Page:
Anatomy of an Era: Michael Booker, Part 2
Excerpted from Chapter 65, No Place Like Nebraska: Anatomy of an Era, Vol. 2 by Paul Koch
Anatomy of an Era: Michael Booker, Part 2
Q: And Coach Osborne, what stands out about him?
Michael Booker: Well, one thing about me and Lawrence Phillips, we got into a lot of confrontations. Me and Lawrence got into it about three or four times. A lot of people don’t know that. You would think two guys from California would get along, but we really didn’t get along at all. Lawrence was like the bully of the team, and there’s guys he bullied and I wasn’t going to let him bully me.
And that brings me back to T.O. One time me and Lawrence got into it, and we had to talk to T.O. and sit in T.O.’s office. And I ain’t never felt so bad in my life. (laughs) Not because I got into a fight, but how he talked to me. He was disappointed. He was like, “Michael, I’m disappointed. You and Lawrence are going to have to find a way to work this out.” I’m like, “Aww, T.O., you’ll never see me back here again.”
Q: Did you guys find a way to work it out then?
MB: Me and Lawrence? No. No, we was cool. I ran into Lawrence when I played in Atlanta and we sat there and had a couple drinks, but that was it.
Q: How did he bully people around?
MB: Lawrence had an attitude. Everybody knows. Everybody who played with Lawrence knew what kind of a bully he was.
Q: On the field or off the field?
MB: On the field and off the field. There’s no reason, he’s not in jail ‘just because’.
Q: So you guys never got along. That’s pretty interesting.
MB: Yeah, me and Lawrence never got along.
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Q: I always thought he was a pretty quiet guy…
MB: There’s nothing about him that was quiet. He was quiet, but like a volcano. So when he’d erupt, he’d erupt.
Q: What would make him erupt?
MB: Anything. I don’t know why. I don’t know. Me, personally? He was just short-tempered.
Q: So let me ask you, you played awhile in the pros, too. Inevitably you talked to a bunch of guys and about their college experiences. How would you relate your experiences to those who played in other programs?
MB: Well, I had a couple friends from some of the Florida schools and we used to talk all the time about how we would beat on them or how they’d beat on us, and pretty much how our fans in Nebraska are the greatest. And one thing I’ll always remember about Nebraska football is the fans, win or lose (and we didn’t lose much). And then talking about other schools, I played with a guy named Henry Crockett who played at Florida State, we’d joke about it. I used to say that “They’ve got to cheat us to beat us.”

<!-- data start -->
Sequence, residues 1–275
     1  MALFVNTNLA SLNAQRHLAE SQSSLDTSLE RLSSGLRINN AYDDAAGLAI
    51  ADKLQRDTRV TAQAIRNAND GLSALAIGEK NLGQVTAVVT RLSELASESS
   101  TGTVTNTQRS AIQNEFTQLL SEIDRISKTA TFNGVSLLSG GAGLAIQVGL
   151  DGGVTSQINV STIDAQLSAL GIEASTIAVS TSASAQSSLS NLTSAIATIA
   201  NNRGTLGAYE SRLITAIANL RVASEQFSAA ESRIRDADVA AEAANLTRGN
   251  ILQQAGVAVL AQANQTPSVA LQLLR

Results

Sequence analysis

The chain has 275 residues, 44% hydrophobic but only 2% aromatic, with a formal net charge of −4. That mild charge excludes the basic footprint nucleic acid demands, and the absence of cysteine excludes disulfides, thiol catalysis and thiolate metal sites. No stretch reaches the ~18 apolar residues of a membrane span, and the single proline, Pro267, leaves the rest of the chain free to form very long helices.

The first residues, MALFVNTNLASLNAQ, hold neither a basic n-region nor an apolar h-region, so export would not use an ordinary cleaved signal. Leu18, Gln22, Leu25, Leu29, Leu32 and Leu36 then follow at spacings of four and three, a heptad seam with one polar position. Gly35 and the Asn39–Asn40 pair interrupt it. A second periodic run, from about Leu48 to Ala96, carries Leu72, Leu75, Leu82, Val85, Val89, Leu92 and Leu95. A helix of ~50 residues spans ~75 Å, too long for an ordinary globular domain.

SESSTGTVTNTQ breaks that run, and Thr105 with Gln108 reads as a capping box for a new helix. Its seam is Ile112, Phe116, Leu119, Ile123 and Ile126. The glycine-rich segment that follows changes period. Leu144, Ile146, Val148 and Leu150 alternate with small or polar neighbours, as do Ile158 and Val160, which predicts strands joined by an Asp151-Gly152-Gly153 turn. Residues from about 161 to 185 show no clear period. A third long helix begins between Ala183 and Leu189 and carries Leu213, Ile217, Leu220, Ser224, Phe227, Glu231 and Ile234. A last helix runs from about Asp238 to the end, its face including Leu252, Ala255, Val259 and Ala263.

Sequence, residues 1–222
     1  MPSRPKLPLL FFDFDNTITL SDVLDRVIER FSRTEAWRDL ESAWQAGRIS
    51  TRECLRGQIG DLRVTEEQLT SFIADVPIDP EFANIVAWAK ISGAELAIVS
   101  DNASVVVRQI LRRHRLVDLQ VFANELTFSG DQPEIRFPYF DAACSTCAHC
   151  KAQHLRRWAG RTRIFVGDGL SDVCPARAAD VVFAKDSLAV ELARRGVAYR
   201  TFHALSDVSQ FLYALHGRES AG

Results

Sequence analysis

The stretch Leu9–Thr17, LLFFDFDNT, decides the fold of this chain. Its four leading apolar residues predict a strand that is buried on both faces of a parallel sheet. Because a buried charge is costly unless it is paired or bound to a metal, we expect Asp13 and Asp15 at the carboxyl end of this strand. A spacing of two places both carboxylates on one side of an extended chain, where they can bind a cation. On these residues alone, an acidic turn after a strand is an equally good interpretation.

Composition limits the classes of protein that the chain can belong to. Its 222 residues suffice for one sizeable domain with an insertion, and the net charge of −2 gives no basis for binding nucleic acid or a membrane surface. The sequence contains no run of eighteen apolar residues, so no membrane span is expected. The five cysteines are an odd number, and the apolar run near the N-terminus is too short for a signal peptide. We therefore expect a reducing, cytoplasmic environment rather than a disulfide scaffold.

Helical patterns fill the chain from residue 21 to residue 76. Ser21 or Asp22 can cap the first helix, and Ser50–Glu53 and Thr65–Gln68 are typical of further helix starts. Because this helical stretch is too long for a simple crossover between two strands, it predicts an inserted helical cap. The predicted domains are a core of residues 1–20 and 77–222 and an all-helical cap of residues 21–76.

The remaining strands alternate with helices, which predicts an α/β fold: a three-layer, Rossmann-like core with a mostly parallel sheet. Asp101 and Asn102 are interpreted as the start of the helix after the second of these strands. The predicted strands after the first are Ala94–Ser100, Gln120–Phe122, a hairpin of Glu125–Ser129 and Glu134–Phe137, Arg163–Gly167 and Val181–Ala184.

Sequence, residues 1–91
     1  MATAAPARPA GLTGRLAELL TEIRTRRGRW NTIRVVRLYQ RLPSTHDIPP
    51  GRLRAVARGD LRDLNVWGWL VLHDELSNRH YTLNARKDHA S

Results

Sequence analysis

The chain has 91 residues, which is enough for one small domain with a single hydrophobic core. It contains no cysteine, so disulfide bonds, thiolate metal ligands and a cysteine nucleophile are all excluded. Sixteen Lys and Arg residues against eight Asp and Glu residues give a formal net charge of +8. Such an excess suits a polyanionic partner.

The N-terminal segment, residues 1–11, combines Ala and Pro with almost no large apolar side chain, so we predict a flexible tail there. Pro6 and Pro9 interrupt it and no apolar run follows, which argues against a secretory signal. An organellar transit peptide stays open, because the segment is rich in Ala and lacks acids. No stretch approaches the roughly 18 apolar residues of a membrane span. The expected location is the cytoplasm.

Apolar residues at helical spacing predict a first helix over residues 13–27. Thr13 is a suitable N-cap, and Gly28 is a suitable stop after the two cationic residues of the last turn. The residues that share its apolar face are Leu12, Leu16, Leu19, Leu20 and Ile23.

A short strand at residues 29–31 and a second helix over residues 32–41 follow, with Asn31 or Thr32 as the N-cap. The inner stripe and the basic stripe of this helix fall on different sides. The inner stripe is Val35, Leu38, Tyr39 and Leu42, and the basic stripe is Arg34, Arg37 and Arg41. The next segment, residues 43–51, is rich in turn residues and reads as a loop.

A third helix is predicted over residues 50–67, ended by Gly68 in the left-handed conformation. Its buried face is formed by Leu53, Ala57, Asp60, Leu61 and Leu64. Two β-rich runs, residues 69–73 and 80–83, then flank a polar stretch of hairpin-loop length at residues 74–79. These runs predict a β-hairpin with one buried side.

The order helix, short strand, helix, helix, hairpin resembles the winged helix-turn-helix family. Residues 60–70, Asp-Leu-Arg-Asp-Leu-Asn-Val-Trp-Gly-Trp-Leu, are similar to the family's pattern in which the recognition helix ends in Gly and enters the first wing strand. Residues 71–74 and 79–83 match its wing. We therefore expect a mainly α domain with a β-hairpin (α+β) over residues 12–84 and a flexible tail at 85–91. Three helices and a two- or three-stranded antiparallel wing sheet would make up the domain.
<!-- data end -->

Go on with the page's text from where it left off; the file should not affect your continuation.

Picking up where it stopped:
Q: Do you remember the first game you played in?
MB: That’s funny, but no. I don’t remember the first game or the last game I played in.
Q: Your last one was the win over Virginia Tech in the Orange Bowl game, right?
MB: Yeah, I remember it briefly. I remember winning it, but most of the games I remember was either when I got an interception or something like that.
Q: You were more likely ‘in the moment’?
MB: Yeah, I lived in the moment. The games I do remember the most, though, were the cold games. I remember playing KU one year and I remember going, ‘Coach, c’mon, It’s too cold out here.’ I always remember it being cold. I remember the guys I played against: Kevin Lockett or Rae Carruth, guys like that. I remember guys like that. I don’t actually remember the games, per se. But you’ve got to remember, I’m a cornerback. I spend most of the time with my back to the ball.
Q: Sure. And you couldn’t turn your head because Coach Darlington wouldn’t let you?
MB: I do remember one game, that KU game! We were playing at KU and I think it was one of my first games starting. Hold on, it’s coming back… I forget what year it was, ’95 and it was there. I got beat on a couple of plays -a slant and a hook route- and I remember Coach Darlington took me out of the game and put Mike Fullman in, and he talked to me at halftime. He said, “Look, you can’t keep playing like that or you’re going to sit on the bench.” And I go, ‘Oh no, I’ve done lost my starting job after one game!’ (laughs)
So what happened? He put me back in the game after halftime and after that it was the NFL after that. I remember that game. He was like, “We have to pull you out. We have to put somebody else in there.” I think that was the first game I started. I was like, ‘Oh man, I’ve got my family watching!’ I got beat on a couple plays. It was like two plays and I was, ‘C’mon coach, I’m a cornerback. You can’t win every one of them!’ When I got back out there I started winning. It was an away game. As a matter of fact, I’m almost certain it was an away game.
Q: Any favorite practice remembrances stand out to you?
MB: It’s probably going to be funny coming from a cornerback, but it was the goal line situations. When it was goal line time, it was like the most excited the team would ever get. On a Thursday we’d just have goal line defense time. It was number one offense versus number one defense and we knew it was the best we were gonna have to play all week.
As a matter of fact, that used to be the highlight of my week. That’s when we’d really see the real competition, was the goal line. When we had goal line defense and offense. Coach would come out and it was like, “All right, you’ve got four plays,” and it was like two beasts going after each other. And there were times I didn’t want to be in there. I didn’t want Cory Schlesinger or Joel Makovicka pulling out on me. I didn’t want to see Lawrence or Clinton Childs. I only wanted to see them on tape. Not live in person. I mean, Clinton Childs, Damon Benning, Lawrence Phillips, Joel Makovicka? Come on, man! (laughing) And Jay Sims, too. We had, honestly, six running backs who could probably start on somebody else’s teams. The only problem with his game was he had four running backs in front of him.